I’m here for two days. Two nights and two days. Teaching QuickBooks Online. Got here early evening Tuesday, leaving Thursday night. After checking in yesterday, I walked around. Walked down La rue St-Louis, down to where you’ll find Le Chateau Frontenac. I took the funicular down to basse-ville. Walked past places I’d been before, Le Lapin Sauté, l’église Notre Dame des Victoires. It was all so evocative of earlier visits. Pleasant visits.
This morning I woke up promptly, walked in the early morning, pre-dawn light, down to la Rue St-Jean, got to Boulangerie Paillard at 7:00 AM. It had just opened.
There’s something about this city. It just feels right. It always feels right. But this time, if felt even better. It felt more whimsical, more expressive, more romantic.
After teaching QuickBooks all day, it was dusk. The sun was going down, the landmarks–those romantic gates cut in old stone walls–were lit up. Buildings too, they were all lit up. Light, playful light, shone on churches. Light shone on old homes converted into hotels (like the Manoir d’Auteil where I was staying), light shone on statues, carvings, walkways.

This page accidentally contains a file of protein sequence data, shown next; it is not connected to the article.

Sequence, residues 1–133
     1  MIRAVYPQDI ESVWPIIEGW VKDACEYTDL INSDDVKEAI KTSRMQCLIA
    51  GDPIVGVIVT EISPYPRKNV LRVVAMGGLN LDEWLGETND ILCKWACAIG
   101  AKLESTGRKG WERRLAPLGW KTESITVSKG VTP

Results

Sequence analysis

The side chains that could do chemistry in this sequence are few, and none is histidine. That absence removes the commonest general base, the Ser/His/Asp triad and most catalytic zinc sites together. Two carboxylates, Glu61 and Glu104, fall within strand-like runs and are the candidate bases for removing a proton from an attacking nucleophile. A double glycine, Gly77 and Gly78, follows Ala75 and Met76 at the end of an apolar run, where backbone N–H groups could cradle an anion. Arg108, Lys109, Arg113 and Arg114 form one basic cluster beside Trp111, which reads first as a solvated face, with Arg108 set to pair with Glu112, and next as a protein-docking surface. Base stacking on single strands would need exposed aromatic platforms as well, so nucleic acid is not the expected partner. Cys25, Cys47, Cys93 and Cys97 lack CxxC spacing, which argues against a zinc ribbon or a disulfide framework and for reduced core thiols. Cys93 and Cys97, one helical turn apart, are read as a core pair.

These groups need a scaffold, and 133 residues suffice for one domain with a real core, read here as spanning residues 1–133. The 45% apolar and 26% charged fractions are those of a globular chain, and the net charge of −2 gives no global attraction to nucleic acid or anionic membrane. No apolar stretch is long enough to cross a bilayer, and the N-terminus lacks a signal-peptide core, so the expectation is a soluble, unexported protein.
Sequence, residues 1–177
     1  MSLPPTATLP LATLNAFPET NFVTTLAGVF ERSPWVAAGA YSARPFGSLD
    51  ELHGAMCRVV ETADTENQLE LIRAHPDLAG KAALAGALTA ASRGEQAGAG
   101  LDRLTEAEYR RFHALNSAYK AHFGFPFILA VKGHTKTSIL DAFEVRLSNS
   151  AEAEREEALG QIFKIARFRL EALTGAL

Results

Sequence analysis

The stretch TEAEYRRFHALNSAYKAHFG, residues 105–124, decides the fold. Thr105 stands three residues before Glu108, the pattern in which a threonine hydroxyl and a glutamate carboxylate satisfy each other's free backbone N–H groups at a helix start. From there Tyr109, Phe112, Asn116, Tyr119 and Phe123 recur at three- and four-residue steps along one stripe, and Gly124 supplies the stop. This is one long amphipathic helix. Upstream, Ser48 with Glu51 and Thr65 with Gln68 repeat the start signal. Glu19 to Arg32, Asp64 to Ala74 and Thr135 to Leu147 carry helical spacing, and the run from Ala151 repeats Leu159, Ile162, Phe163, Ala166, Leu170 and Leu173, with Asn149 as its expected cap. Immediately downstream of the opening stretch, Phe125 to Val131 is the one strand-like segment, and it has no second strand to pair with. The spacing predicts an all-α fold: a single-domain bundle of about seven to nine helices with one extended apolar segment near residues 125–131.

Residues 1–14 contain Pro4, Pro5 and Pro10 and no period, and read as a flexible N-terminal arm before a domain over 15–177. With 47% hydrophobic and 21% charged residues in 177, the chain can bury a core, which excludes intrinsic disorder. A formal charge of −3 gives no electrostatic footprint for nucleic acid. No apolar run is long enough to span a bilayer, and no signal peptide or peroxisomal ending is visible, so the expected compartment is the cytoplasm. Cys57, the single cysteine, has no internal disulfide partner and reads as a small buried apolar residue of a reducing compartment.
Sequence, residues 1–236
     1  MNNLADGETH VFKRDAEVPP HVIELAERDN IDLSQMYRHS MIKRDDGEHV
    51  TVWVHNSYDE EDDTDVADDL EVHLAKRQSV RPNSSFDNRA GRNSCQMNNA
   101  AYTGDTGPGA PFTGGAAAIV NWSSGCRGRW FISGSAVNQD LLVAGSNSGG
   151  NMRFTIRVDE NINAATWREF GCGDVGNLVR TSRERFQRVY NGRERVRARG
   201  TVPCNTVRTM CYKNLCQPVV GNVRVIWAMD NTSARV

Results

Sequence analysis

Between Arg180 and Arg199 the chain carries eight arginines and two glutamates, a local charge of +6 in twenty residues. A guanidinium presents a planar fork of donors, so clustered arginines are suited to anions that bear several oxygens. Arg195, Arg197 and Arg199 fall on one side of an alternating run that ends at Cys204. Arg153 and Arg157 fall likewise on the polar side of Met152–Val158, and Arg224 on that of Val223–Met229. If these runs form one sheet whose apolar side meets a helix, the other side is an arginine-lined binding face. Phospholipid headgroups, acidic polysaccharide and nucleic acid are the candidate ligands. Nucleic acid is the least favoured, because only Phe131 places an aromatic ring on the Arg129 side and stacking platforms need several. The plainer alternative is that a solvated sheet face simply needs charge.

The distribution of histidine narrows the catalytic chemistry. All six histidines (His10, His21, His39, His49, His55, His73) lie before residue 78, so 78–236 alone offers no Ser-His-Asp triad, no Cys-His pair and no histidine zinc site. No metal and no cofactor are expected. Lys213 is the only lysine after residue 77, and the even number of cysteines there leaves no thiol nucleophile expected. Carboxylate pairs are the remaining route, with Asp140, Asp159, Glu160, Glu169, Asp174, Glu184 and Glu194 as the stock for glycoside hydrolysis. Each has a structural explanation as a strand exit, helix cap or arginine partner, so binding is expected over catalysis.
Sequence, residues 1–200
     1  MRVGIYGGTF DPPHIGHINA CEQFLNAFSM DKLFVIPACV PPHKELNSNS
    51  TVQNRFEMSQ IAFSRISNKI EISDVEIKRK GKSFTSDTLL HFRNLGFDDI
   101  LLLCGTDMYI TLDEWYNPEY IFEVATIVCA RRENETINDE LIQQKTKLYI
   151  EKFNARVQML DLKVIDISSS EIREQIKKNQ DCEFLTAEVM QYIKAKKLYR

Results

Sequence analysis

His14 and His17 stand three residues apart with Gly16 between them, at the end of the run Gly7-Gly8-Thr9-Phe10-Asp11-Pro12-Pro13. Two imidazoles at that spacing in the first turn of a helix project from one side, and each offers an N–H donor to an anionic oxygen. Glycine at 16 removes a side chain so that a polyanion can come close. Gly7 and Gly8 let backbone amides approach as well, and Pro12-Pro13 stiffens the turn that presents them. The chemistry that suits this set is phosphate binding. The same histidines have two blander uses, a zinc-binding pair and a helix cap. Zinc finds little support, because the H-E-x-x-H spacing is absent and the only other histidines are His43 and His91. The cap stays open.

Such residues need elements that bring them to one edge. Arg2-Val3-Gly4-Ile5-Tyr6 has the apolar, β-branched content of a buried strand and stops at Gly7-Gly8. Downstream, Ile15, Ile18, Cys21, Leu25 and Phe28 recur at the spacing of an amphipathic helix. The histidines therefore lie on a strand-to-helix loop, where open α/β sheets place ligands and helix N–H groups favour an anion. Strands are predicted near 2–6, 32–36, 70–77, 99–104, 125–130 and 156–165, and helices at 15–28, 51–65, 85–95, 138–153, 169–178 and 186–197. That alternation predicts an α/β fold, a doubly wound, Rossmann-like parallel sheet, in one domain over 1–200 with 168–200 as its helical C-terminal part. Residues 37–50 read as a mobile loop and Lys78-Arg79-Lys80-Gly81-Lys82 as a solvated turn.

And the air too. It was crisp, it was cold. Not uncomfortably so, nothing distressing.
And that’s when it hit me. As much as I love Québec, can it even be better when it’s cold? Is it better when the sun sets in the early evening, and rises later in the day? Is Québec more memorable in the late fall when everything is lit up and there’s a nip in the air? Is it better at this time of year because (let’s face it) there are less people walking its beautiful, historic streets?
You know what? I think it is. I think Québec is better when it’s cold.
You walk quickly–you want to warm up. But you can’t help but pause and admire this old house, that beautiful church. Everything lit up.
There’s some kind of va et viens. There’s an anomaly, a contradiction in terms. It’s cold, you want to hurry and get indoors. But it’s too beautiful and you linger a little bit, talking in the sights. And when you finally do get inside, a cosy little restaurant, and you sip that single malt–pour me réchauffer–you tell the waiter, well even that first sip is made more vivid.
Hmm, maybe it’s true, maybe it really is so. Yeah, I do think it’s true. Québec is better when it’s cold.